3.2.2.2 Total carbon emissions

Solar panels offset on average 51% of the houses yearly operational carbon emissions (Fig. 4). Without these offsets, operational emissions would represent 58% of the total emissions over the building lifetime. However, renewable energy reduces this proportion to 41% and building materials become the main contributor to GHG emissions. As a result, modern houses have higher total carbon footprints as compared to older homes due to larger floor plans and structural materials, as previously discussed.

It has been shown, however, that 51.8% of PV systems in Australia do not perform to capacity [16]. This research has found that four of the houses possessing PV systems do not operate optimally. House J's system, for instance, was installed on a South facing roof and according to the eTool model, it is generating 6% less electricity than predicted. House D's PV system is shaded by a neighbouring tree, generating 15.7% less electricity than expected. Finally, the PV system on House B is generating 34.6% less electricity than expected. This is likely due to dust accumulated on the panels surface, as the owners revealed that the panels had never been cleaned. Monitoring data also revealed that the PV circuit breaker of House F tripped after wet weather events and stopped generating electricity for 3 weeks as the failure was not immediately detected by the house occupants.

thumbnail Fig. 4

Yearly carbon footprint and solar offsets.

3.3 House inspections

Thermography revealed that all the houses presented insulation gaps in the ceiling and walls mostly around the corners (Fig. 5a). Missing insulation was also commonly found above attic hatch doors and around downlights (Fig. 5b). The efficiency of water heaters in some cases was compromised due to the lack of insulation around outlet pipes (Fig. 5c). The inspections also revealed that some houses did not possess shading devices on West and East facing windows, becoming very hot in summer. These design flaws could be affecting the operational component of the LCA results.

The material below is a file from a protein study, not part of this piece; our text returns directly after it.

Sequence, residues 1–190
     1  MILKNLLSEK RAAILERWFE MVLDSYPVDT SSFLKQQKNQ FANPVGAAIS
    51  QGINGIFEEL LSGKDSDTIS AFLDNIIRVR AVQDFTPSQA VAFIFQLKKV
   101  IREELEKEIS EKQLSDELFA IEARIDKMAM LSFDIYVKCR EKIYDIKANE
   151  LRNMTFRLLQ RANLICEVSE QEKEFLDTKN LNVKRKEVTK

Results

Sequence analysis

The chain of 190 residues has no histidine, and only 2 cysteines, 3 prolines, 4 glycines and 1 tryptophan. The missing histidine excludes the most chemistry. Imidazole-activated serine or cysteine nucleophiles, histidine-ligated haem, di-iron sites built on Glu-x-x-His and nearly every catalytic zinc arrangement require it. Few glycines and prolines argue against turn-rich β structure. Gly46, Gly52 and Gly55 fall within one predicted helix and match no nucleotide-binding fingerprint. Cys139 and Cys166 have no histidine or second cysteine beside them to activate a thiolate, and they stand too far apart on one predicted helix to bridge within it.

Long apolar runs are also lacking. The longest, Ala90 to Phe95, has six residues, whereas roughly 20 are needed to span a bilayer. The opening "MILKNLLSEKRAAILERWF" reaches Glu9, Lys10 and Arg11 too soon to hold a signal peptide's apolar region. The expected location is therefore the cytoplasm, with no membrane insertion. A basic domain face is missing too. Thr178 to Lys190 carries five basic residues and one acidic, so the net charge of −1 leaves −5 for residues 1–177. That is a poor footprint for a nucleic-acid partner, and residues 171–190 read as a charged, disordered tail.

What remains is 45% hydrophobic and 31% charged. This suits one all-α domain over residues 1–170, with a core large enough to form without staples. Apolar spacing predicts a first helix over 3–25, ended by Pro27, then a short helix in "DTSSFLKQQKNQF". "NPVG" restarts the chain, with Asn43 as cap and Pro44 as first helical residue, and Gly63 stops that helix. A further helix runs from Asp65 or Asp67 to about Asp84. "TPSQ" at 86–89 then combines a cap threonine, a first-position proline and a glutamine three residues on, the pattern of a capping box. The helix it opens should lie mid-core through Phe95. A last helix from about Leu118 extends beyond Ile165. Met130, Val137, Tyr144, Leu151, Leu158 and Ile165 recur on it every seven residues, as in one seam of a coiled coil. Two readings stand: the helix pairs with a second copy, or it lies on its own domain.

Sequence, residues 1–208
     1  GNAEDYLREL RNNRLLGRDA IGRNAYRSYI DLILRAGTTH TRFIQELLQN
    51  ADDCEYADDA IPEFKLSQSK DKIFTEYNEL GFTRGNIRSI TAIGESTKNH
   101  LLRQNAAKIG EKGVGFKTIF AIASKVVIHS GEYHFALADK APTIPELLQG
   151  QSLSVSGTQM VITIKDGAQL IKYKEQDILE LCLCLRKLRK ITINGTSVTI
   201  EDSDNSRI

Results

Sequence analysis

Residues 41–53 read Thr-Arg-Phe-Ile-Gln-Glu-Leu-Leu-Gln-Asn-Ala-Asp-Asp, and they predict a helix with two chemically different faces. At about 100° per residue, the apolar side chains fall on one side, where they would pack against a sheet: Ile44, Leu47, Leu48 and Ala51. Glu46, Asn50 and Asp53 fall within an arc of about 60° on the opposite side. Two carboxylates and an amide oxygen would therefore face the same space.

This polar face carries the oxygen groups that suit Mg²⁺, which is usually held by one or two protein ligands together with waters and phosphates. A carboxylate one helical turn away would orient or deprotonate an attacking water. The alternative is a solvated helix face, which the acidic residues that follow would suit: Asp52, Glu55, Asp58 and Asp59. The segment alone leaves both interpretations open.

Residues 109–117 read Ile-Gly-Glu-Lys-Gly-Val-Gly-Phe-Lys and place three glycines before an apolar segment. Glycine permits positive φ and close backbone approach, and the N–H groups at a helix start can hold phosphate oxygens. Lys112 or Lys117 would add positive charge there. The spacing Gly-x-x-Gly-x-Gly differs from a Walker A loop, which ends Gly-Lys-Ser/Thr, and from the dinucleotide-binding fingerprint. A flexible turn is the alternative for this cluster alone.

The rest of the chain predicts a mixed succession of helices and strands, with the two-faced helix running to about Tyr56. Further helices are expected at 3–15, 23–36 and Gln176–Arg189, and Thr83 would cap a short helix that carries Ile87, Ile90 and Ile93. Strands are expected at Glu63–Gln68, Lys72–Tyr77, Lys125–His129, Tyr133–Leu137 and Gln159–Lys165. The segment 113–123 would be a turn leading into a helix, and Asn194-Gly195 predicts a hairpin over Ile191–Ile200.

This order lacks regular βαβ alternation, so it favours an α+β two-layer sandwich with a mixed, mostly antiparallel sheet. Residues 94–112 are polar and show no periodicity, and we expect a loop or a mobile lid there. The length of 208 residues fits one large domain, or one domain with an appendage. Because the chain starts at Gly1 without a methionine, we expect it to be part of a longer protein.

Occupant practices were also considered as a potential contributor to the variations found between predicted and actual energy use. Whilst these behaviours and practices were not explored in depth in this study, they could explain, for instance, the difference of 1200 kWh between predicted and measured grid electricity for House D (Fig. 2). Interviews with the house occupants revealed that while they possess a reverse cycle air conditioner unit, they prefer to use a fireplace to heat the house in winter and they rarely use the cooling system in summer. House H, on the other hand, uses significantly more gas than expected (Fig. 2). According to the house owner, her children enjoy having long showers. Unexpected behaviours are not considered by either NatHERS or eToolLCD but can significantly affect the results and should be further explored.